Terrorism is a tricky term to define. Governments from Asia to the Americas have yet again been unable to form consensus over what exactly the term signifies. Just as the history regarding terrorism did not end on 26/11 Mumbai attacks, it did not begin on 9/11. Only due to the narrow geopolitical differences, the world has not been able to come to a conclusion as to what the word means.
The Comprehensive Convention on International terrorism (CCIT) was proposed as a weapon against fighting global terrorism in the year 1996 by India. Even after 22 years, nations all over the globe have failed at developing a uniform norm for prosecution or extradition of the terrorists. The Prime Minister of India, Narendra Modi in his visits to international platforms like the G-20 summit; have been very vocal about the need to counter terrorism by the help of a uniform norm against it by putting aside distinctions on the basis of nations and individuals.
Why is it being opposed?
Even after the presence of 14 conventions against terrorism; India is rooting for the CCIT because the convention aims at putting a ban on all international terrorist groups regardless of their country of operation. Also, it will cut off the financial assistance provided to them, putting a halt to funds and safe havens. Unfortunately, the United Nations General Assembly has yet not adopted the convention due to opposition from three major blocs, namely the United States, the Latin American Countries and the Organisation of Islamic Countries. Now, this hostility had been problematic for different reasons. The US is opposing this move because the definition of terrorists includes within its ambit the military forces also, which is detrimental to its forces in Afghanistan and Iraq. Similarly, the OIC countries are concerned about the effect of the convention on the countries like Pakistan and Palestine. Groups such as the Palestine Liberation Army (PLA) and Hamas that call themselves freedom fighters for the Palestinian’s cause are considered terrorists by the Israel. This is evident of the saying that one man’s terrorist is another man’s freedom fighter. But ultimately, a terrorist is not a freedom fighter and a terrorist is not a guerrilla.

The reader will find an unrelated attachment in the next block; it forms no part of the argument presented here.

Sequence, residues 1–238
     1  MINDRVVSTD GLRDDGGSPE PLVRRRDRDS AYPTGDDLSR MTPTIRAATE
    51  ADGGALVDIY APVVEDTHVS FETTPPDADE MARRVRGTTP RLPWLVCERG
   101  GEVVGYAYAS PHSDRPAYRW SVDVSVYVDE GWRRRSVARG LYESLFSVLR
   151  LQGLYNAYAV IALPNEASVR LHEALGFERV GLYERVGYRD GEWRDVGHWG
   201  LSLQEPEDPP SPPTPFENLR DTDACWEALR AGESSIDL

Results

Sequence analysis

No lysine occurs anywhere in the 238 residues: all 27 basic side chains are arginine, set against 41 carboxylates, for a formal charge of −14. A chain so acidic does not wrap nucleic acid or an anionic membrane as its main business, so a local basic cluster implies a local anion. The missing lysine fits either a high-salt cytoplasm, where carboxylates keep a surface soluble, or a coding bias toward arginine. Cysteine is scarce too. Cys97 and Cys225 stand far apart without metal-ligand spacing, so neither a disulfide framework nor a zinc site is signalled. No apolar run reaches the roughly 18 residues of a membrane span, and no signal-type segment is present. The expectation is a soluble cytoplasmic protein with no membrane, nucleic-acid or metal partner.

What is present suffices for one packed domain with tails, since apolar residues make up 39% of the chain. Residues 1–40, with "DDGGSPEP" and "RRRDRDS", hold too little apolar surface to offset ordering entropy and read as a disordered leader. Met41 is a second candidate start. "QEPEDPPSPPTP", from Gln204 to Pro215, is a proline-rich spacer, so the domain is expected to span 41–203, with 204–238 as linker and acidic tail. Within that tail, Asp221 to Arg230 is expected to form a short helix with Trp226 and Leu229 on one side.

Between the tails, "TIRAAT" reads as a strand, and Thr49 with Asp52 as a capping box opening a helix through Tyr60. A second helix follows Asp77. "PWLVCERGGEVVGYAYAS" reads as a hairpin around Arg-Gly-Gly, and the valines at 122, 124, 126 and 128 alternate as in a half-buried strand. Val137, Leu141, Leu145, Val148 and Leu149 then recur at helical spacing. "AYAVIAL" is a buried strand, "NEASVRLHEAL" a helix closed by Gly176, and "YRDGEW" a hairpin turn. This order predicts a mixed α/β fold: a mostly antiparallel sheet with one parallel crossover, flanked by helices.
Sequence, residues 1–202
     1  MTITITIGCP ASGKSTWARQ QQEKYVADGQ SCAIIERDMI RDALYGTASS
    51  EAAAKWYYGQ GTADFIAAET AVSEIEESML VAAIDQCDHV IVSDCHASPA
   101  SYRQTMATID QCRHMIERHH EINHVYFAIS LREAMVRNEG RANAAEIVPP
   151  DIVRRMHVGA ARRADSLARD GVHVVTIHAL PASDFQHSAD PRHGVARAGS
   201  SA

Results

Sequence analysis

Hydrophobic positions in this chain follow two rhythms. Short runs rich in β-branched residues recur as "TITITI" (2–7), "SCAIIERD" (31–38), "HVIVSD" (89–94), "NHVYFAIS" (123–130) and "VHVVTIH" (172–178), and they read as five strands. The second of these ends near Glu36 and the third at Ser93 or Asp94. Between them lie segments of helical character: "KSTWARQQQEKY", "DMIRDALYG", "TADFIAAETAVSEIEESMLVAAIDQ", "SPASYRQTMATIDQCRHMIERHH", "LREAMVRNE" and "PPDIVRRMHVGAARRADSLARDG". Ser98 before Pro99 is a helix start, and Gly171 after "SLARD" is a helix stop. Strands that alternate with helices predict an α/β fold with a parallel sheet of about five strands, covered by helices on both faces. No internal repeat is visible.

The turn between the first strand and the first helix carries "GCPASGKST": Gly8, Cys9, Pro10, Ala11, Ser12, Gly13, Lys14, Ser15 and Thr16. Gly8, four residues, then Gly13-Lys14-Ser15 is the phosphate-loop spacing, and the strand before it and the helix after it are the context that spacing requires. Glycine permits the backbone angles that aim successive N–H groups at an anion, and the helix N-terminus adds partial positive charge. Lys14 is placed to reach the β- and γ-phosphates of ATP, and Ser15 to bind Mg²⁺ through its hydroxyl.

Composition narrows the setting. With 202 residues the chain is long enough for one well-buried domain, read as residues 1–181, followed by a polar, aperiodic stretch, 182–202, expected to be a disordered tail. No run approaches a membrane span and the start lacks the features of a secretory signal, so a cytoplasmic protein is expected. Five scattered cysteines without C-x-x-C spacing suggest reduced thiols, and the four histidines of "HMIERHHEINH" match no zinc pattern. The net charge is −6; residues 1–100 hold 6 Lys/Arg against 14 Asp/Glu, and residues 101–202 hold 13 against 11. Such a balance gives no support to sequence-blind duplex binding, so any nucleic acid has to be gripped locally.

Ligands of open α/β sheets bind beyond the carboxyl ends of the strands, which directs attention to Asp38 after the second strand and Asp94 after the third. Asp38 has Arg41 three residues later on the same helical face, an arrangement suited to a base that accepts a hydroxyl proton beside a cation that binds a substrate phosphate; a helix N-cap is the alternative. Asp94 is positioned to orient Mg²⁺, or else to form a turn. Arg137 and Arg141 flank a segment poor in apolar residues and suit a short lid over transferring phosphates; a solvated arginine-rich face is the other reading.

In today’s date, there is no generic convention on terrorism; although three separate protocols have come into existence for dealing with this menace; namely International Convention for the Suppression of Terrorist Bombings, International Convention for the Suppression of the Financing of Terrorism, International Convention for the Suppression of Acts of Nuclear Terrorism. Being adopted in the years 1997, 1999 and 2005 respectively, they aim to combat what the earlier conventions have failed to achieve. But the aforementioned conventions cover a very limited aspect of the whole concept of terrorism. In the present scenario that the world is facing while countering terrorism, it is relatively easy as compared to earlier times; to classify terrorist acts and terrorist organisations. As far as the term terrorism is concerned, most people still define the term as was defined by Schmid and Jongman’s book Political Terrorism where he states that terrorism is anxiety inspiring method of continuous violent actions which aim at targets of opportunity and, symbolic and representative targets. But this definition is an academic one that would be problematic while defining terrorism in practical terms. Looking at the threat that terrorism is today, strict action is the need of the hour that requires piecemeal reforms in order to curb this threat.